Using the Rhetoric of Mass Shooting to Conceal Domestic Terrorism: Political Friend or Enemy?
Presented During: Death, Trauma, and the Media
Sponsor: Mass Communication Division
Thu, 11/19: 2:00 PM - 3:15 PM
Room: Asynchronous Session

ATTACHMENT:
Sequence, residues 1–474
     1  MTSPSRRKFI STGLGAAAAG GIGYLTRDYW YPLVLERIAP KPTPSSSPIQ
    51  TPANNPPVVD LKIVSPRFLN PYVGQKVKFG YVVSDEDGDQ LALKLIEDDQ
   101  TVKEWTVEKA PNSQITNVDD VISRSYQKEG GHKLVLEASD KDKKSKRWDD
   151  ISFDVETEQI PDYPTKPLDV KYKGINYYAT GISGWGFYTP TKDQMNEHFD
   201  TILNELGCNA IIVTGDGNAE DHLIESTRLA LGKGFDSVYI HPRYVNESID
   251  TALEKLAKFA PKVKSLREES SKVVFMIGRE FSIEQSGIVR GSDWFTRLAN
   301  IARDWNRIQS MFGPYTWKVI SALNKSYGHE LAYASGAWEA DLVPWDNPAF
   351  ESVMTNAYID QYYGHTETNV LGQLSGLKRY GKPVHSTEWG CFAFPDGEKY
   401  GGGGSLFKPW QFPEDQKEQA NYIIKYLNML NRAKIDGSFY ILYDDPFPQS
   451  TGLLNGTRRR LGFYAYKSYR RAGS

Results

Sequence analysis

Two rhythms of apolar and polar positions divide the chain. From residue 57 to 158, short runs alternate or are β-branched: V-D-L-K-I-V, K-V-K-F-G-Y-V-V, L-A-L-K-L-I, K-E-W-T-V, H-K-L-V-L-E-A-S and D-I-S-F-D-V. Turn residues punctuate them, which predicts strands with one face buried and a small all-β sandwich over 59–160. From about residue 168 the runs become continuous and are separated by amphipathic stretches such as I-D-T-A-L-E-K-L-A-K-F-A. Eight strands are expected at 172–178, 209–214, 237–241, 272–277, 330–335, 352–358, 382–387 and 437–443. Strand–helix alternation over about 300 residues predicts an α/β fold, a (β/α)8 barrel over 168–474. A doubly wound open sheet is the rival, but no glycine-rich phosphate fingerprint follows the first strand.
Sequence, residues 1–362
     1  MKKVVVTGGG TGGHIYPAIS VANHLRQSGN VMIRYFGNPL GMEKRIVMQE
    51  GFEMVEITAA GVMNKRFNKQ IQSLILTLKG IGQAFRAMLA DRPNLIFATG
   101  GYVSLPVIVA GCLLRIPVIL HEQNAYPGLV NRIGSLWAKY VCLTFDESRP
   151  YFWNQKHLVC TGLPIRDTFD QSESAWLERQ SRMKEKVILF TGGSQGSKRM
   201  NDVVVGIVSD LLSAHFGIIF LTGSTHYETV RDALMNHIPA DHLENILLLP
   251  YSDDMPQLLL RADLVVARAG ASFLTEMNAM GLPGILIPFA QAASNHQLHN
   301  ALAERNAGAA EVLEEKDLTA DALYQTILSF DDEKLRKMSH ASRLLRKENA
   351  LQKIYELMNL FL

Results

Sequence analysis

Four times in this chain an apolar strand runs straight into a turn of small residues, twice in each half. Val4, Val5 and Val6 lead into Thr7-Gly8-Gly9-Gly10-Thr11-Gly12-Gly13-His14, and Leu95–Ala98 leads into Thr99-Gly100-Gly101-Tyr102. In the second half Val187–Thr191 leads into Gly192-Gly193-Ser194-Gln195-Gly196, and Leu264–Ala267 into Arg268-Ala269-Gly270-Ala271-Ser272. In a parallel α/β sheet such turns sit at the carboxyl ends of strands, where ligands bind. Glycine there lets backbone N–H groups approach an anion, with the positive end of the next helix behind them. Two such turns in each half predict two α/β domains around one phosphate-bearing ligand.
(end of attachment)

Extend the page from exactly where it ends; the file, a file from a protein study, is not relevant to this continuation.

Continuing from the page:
In recent memory, the increasingly frequent occurrence of mass shootings in the U.S. have made such events rather commonplace. In the U.S., while mass shootings might not be surprising, what is shocking is how American media distinctly frame mass shootings based on the shooter's perceived identity markers. More specifically, U.S. media frames White mass shooters as "political friends" and portrays non-White, Muslim perpetrators as "political enemies" for mass shootings that resemble similar fatalities and destructive outcomes. In this paper, I argue that the selective use of the rhetoric of "lone wolf" and "mental illness" to frame mass shootings committed by White perpetrators in the U.S. functions to conceal the issue of domestic terrorism. Ultimately, the two distinct narratives following mass shootings in the U.S. contribute to coherent worldviews that conceal and subvert ongoing debates over gun control and gun accessibility.